Review: UK Film Review

Critic: Patrick Foley

Posted on: 23 May 2022

Film critic Patrick Foley reviews the documentary Beyond for UK Film Review. Written and directed by filmmaker Thiago Dadalt, Beyond explores autism and “documents a year in the life of one family, and shows the highs and lows they experience.”

Whilst the world gradually gains a better understanding of autism, and more and more stories are represented in film and television like Atypical and Please Stand By, most people still have yet to grasp the realities of the spectrum and the demands placed on families as a result. Thiago Dadalt’s Beyond documents a year in the life of one family, and shows the highs and lows they experience.

The documentary, produced by Dru Miller, tells the story of Tamara Mark, a former dancer and actor who left behind dreams of stardom to care for her sons Ian and Harry when their father left the family. Both Ian and Harry are non-verbally autistic and have recently had to adapt to a new stage of life as they have become adults, resulting in a withdrawal of much of the support they have relied upon. The family take each day as it comes and handle both the challenges and joyous moments, as Tamara tries to rally support for adults with autism – with a dream of building a community in which they can thrive.

What makes Beyond such an affecting film is the level of intimacy the director achieves with the Mark family. The film hits a perfect balance of bringing its audience into the families’ lives without us ever feeling like an intruder. The scenes shot in the family’s home are raw, authentic, and unimpacted by the presence of a camera. Thiago Dadalt’s crew are ghosts in the film’s most touching moments – showing a trueness that is both heart-breaking and heart-warming, such as in a scene in which one of the sons relies on a typing board to communicate a tooth pain that the family have been unable to treat.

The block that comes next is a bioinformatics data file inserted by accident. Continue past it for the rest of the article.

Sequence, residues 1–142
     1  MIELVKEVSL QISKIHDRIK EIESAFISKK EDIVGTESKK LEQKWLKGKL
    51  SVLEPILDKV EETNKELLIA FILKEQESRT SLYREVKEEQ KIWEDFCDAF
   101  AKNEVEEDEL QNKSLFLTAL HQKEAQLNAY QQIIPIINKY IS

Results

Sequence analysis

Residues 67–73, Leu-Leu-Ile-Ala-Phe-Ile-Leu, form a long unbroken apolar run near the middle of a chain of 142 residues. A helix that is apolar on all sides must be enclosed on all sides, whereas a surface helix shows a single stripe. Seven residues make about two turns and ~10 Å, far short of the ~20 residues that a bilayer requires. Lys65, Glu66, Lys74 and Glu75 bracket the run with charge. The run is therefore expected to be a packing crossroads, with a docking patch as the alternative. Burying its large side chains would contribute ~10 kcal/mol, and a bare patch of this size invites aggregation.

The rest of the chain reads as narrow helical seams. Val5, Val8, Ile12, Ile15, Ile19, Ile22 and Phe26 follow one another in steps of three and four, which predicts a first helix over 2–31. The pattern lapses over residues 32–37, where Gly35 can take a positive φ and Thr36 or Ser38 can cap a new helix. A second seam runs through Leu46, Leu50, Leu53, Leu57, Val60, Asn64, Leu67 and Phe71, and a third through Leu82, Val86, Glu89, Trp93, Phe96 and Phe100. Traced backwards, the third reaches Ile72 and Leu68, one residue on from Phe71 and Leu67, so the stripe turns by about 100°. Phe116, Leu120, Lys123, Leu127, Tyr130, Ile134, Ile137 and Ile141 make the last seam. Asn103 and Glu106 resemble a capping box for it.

Tamara Mark is the viewer’s window into the family, and her remarkable life story is a worthy entry point into all 3 lives. Her past as an actor and dancer is examined, as is her revelation as to her true purpose upon the death of her mentor and the birth of her children. Her new goal of a community in which people with autism can live their lives together, with proper support to allow for their independence invigorates the documentary and fulfils its purpose – to provide something ‘beyond’ your own abilities as an individual.

Indeed, the battle against an uncaring and unsuitable system that simply does not cater for the needs of families like the Marks is presented in such a way that audiences will share the frustration and despair Tamara herself, as well as the full team she relies upon to raise her boys feel. The aforementioned dental problem ends up requiring multiple treatments, which mean multiple hirings of a team just to get Harry to the hospital and multiple excessive dental bills. Shining a light on these difficulties, that most would never comprehend, adds to the film’s noble purpose without ever coming across as preachy. And whilst Tamara’s ambition of a mini-city community may feel lofty, it is hard to argue by the film’s end that it is not a worthwhile cause.

4 / 5 stars


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